There’s been a lot of stash and dash over the holidays. Now let’s burn some calories by cleaning. But wait, first, I have to update my Facebook status and check my friends’ news.
The best part of travel is always the experience that is unplanned. The thing that you think will be great is never the thing that is most memorable. (Like, it’s not the Leaning Tower of Pisa, but the pizza vendor near the tourist attraction!)
Yesterday, the kids had the most fun of their lives sliding in their winter coats on some long wooden couch/bench at the Hilton Hotel lobby. (I did my usual thing of walking away from them, muttering, “Whose kids are those?”)
The sliding bench in the lobby was almost as fun at the dollhouse tucked into the children’s room at the Harold Washington Library.
We met my mother in the airy atrium on the top floor of the library and she took us on a tour. She could be a professional tour guide for the city of Chicago, unlocking secrets hidden in plain sight. She showed us site-specific
It took three days hours to switch our phone service at our nearby Radio Shack.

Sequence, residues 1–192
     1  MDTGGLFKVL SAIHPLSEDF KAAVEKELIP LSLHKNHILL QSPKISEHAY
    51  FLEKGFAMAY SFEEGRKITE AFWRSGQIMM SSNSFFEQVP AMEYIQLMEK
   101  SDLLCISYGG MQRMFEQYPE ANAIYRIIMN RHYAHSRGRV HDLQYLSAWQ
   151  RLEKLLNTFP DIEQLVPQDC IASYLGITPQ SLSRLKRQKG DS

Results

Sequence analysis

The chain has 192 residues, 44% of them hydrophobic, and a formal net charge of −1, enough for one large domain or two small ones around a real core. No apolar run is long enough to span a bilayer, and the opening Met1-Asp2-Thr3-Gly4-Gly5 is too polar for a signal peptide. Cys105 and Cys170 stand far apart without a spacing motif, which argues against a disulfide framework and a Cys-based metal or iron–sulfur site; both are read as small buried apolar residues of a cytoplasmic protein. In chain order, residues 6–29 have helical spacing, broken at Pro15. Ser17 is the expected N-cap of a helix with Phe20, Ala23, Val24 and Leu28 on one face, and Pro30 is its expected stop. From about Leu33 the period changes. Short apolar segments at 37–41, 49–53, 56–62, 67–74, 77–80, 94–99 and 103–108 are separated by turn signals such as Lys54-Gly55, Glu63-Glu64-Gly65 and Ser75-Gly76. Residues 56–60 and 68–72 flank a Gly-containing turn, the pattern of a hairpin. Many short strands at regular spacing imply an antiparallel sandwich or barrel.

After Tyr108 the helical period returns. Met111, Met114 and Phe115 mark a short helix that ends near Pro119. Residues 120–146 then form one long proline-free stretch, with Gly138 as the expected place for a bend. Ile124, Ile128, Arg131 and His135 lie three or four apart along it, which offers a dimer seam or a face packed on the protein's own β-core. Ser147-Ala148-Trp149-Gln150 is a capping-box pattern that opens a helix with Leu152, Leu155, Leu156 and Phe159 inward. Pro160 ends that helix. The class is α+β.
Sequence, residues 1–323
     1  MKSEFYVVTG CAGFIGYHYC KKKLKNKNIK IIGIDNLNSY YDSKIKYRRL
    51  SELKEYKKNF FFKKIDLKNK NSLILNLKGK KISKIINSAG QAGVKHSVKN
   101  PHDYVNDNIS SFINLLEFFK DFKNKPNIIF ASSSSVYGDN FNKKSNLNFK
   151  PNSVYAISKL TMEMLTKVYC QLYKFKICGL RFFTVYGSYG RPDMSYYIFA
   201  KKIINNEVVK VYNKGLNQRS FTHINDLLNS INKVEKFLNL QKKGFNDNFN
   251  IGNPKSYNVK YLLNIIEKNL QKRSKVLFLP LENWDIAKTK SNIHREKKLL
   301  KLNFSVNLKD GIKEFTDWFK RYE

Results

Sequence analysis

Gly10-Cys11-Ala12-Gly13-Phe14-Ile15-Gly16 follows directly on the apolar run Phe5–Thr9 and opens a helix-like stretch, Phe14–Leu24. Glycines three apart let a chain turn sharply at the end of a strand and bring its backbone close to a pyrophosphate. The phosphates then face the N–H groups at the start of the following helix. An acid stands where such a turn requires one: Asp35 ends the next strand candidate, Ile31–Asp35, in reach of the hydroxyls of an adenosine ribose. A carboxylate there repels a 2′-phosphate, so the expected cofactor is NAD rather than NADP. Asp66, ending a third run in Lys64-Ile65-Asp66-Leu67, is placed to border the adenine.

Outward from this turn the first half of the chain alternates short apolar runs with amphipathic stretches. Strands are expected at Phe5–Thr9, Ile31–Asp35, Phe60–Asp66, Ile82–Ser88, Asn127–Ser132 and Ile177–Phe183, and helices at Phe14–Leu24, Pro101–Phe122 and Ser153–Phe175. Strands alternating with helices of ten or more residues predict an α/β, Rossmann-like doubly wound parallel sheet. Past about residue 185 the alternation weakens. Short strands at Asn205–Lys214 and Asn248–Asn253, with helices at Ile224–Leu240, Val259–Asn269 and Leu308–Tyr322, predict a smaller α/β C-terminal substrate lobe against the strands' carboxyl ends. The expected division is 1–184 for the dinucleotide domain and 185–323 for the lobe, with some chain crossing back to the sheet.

The reason it took so long was that I could not authenticate myself. See, I gave them my license and credit card and passed the credit approval, but then Johary, the clerk at the store, handed me a phone and the operator asked me a series of questions, which seemed easy enough, like, “From which state did you receive your Social Security number?”
Maybe I was too breezy with my answers. The kids were tugging at my sleeve and the store was noisy. We had to get to the airport. And one of the the first of the three multiple choice questions I didn’t really hear.
In one question, the operator asked, “Where have you lived?” And rattled off some cities, to which I replied, “None of the above,” although one of the choices was my sister’s city.
Finally, the verdict. I was not authentic. I asked to speak to the supervisor on the Sprint authentication line. This is when my son began shushing me. Apparently I was becoming ticked off a little loudly. Janet #2233 in Colorao, the supervisor, apologized, but said, “You did not pass the test. You got two out of three questions wrong. Try again in 60 days.”
Janet was kind enough to suggest that before my next attempt, I should get a copy of my public record from my local county court. Presumably, I could bone up on myself.
Me? I am the one who seeks authenticity in everything. But apparently I do not know myself well enough to get a new fricken’ phone.
The matter of the new phones finally got resolved when I called my husband who, apparently, was able to authenticate himself. (I had to head out of the store for the last couple of hours to get to my creative writing class.)